The matter with the approach explained in the WP, is that essentially you are limiting bandwidth to tunnels, to whatever you believe the internet performance to be. Traffic in excess is dropped, (TCP senders will benefit however) and a quasi-LLQ is given to voice traffic. If you have no issue with that, then works fine. But will never get full circuit capacity or at least need a fine tuning.
We are running 10 ipphone on an Ipsec tunnel with Qos with a centralied ccm deployement for over a year.We do see occasional Voice quality issues primarily when we see a increase in round trip times.Some of the things which you should consider in this deployement is
1. Use LLQ in your Qos policy to priortize voice traffic
2. Provide guarnteed bandwitdh for signalling trafic to aviod unregistrations of ipphones.
3.Use an ISP which can provide a SLA on Latency,packet drops.
4.Use hardware encryption and decryption as much as possible.
but the topic discussed in there will work only for static address, a criterion that you know in advance, so what if ,if you dont know the address or you want to classify your traffic based on other caracteristics of the packets such ports number whitch in this situation will be encrypted whicth mean you cannot access them!!!!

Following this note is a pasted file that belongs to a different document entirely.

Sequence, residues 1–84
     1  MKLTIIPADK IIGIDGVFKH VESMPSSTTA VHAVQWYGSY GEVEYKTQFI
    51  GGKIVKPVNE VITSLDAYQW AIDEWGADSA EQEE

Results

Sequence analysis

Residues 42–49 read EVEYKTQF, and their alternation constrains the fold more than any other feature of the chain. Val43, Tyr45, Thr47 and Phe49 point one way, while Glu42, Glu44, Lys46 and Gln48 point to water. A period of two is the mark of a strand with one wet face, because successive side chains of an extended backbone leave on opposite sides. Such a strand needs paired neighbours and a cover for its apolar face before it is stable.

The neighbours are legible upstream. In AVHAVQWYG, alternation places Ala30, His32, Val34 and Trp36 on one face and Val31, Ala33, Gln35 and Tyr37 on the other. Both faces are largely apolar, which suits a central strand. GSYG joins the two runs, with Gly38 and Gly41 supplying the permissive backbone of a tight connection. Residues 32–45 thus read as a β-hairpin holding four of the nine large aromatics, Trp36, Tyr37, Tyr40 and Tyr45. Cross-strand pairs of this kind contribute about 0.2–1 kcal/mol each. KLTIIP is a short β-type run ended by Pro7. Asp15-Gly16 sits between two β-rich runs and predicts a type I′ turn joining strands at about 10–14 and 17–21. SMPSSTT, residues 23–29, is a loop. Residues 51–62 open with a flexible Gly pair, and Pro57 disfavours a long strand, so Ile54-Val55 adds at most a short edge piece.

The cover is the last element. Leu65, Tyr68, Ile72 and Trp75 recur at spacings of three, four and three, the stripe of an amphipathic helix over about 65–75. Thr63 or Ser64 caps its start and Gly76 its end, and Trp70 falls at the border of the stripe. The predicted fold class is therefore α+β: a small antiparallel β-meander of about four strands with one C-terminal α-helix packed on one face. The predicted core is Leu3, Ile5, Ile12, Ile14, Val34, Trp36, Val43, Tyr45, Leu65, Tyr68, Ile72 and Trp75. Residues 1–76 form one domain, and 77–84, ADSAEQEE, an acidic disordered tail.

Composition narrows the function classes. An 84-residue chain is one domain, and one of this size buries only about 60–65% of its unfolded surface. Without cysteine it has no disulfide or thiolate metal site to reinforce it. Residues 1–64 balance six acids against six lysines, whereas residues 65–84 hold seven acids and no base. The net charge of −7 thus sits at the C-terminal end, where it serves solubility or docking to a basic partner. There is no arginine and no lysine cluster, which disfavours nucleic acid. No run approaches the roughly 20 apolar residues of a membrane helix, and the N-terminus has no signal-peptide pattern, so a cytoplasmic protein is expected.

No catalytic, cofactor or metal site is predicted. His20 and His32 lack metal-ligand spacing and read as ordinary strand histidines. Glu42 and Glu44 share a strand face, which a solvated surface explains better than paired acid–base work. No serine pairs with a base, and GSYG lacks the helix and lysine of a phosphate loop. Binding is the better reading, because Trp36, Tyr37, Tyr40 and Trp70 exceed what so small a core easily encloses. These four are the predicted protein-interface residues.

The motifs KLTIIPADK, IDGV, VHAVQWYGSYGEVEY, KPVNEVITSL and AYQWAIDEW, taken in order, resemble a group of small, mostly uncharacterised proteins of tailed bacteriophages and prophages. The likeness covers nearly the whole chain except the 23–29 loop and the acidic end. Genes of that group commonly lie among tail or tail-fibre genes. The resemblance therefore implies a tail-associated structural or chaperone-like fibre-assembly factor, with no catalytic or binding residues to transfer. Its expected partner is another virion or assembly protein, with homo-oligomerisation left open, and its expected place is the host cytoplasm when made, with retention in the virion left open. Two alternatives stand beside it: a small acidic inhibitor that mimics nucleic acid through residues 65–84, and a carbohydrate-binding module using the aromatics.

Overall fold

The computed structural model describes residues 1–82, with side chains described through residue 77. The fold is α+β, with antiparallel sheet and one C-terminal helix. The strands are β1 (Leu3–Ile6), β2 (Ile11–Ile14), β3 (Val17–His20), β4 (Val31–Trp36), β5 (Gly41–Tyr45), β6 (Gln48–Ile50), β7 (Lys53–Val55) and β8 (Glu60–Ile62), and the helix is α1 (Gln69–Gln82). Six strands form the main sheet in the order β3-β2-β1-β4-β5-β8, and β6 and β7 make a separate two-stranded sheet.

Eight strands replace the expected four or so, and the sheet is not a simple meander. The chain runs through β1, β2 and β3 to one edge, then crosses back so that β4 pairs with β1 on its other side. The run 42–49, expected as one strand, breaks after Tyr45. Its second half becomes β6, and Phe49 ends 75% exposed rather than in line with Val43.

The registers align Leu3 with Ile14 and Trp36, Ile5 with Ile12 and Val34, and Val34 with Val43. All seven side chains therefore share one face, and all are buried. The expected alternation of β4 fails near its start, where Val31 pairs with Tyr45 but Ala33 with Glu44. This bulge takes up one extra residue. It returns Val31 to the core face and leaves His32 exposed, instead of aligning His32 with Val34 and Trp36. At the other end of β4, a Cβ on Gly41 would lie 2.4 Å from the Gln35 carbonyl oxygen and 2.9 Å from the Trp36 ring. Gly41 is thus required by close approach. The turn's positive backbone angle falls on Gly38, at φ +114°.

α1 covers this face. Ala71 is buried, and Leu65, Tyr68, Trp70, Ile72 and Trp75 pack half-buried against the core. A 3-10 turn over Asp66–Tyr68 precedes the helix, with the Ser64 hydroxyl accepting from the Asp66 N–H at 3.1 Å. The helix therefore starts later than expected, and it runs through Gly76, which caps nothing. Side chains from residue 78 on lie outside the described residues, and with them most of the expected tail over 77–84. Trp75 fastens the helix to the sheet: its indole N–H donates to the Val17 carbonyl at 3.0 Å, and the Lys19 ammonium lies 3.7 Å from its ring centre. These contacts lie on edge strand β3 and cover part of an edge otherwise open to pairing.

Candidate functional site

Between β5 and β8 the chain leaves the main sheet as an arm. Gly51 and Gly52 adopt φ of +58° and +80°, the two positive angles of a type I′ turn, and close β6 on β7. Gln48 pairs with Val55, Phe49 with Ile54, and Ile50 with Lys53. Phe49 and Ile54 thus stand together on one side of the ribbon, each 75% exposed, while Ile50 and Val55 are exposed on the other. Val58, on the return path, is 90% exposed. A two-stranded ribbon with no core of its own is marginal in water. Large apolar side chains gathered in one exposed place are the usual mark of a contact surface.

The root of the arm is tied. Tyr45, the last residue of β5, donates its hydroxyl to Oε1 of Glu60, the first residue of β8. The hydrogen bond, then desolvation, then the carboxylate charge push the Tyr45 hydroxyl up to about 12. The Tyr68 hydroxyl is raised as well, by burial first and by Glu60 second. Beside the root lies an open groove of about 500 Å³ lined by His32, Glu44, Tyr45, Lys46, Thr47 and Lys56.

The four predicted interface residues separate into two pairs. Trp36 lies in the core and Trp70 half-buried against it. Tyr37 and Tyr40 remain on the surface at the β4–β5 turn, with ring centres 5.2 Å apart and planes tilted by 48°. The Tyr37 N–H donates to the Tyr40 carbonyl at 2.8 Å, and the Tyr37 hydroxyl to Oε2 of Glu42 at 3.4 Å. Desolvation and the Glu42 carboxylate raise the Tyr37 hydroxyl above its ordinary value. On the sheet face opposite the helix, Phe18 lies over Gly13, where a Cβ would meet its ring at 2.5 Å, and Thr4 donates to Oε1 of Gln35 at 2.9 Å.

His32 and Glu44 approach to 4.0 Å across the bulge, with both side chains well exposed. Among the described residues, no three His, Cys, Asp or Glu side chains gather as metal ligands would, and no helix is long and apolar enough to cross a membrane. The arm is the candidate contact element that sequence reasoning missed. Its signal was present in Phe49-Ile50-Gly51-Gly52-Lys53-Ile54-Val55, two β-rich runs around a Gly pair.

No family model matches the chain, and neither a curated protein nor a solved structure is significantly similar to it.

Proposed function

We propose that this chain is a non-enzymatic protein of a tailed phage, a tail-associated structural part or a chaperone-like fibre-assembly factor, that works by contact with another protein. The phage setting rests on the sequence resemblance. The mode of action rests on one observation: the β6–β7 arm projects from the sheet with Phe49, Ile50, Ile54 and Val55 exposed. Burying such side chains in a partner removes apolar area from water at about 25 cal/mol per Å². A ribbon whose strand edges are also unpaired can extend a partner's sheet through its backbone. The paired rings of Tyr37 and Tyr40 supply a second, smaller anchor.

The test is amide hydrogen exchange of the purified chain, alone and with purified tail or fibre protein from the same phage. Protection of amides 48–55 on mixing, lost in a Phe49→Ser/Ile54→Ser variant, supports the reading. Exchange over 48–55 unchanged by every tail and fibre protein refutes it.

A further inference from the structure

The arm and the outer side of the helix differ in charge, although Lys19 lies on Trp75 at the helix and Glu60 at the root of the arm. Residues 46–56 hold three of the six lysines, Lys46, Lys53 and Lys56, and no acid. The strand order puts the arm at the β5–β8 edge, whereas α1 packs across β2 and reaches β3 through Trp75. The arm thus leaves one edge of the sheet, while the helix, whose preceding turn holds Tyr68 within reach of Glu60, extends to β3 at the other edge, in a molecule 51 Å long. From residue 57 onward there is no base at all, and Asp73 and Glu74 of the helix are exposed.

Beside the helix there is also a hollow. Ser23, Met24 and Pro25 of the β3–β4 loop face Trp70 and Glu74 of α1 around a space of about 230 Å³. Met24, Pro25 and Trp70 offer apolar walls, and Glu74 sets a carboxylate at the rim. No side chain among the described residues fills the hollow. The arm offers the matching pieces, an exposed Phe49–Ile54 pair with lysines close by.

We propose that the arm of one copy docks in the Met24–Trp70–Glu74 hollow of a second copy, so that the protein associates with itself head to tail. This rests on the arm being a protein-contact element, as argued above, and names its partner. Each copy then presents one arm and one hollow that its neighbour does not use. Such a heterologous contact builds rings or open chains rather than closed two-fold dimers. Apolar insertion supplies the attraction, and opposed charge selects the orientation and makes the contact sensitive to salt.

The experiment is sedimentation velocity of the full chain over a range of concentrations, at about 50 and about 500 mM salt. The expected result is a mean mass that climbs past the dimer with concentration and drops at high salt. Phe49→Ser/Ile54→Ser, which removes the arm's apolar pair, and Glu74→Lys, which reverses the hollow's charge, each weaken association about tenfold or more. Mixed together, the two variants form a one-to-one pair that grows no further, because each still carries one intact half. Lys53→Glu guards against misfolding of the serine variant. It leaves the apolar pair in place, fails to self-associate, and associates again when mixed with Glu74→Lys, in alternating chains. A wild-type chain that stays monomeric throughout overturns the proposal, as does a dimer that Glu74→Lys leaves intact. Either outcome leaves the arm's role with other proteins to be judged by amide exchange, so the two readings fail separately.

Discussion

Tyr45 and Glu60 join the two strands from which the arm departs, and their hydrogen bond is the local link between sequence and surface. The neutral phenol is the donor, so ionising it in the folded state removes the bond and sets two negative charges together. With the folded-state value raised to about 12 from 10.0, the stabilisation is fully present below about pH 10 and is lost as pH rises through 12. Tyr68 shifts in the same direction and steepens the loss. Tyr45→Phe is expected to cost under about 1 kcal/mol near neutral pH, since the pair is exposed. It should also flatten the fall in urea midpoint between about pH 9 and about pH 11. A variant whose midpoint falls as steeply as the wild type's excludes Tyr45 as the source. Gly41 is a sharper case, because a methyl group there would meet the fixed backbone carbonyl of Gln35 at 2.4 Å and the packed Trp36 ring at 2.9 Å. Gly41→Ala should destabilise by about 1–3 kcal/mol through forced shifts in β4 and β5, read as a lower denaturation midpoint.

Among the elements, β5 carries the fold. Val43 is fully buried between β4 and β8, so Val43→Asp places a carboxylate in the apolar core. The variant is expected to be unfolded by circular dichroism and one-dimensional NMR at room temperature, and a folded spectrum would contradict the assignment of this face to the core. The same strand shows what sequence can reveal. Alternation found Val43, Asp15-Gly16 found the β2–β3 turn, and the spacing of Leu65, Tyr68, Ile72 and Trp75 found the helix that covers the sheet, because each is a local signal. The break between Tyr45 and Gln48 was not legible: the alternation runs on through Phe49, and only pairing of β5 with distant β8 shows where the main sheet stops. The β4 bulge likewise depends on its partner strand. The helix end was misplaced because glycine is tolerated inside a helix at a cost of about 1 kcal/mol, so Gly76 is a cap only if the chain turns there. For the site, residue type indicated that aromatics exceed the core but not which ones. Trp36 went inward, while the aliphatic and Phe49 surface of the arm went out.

the solution for such case is the use of (QOS pre-classify) command under the tunnel or the crypto map, that command will keep a copy of the packet before it hits the tunnel.
but if you want to classify your traffic by the marking done before by the ipphone or others , here the IOS will copy automaticaly the TOS field of the original packet the TOS field of the encapsulating packet IPSEC, so it works without difficulties!
Indeed the clean approach is like kamal said, if you directly map between DSCP for packets inside and outside, even if these arrive out of sequence because queuing in the ISP cloud, IPSEC is smart enough to deal with the cypherstream details and no problem should occur.
The short answer is that you don't.... That isn't entirely true while at
the same time it kind of is, but for the most part you don't configure
the softkeys. You enable or disable them via TCL. Here is the long
answer. Be sure to read the whole thing or e...
Topology: IP Phone > Switches > Microsoft NPS setup to forward 802.1x
proxy to > ISE 2.1 patch 3 Authentication: EAP-TLS using Cisco MIC SANs
Phone Models 802.1X support? 802.1x flavor Addtl Comment EAP-MD5 EAP-TLS
Cisco 3905 Y Y N Cisco 6911 Y Y N Cisco ...
This document describe how DST changes and how time changes are
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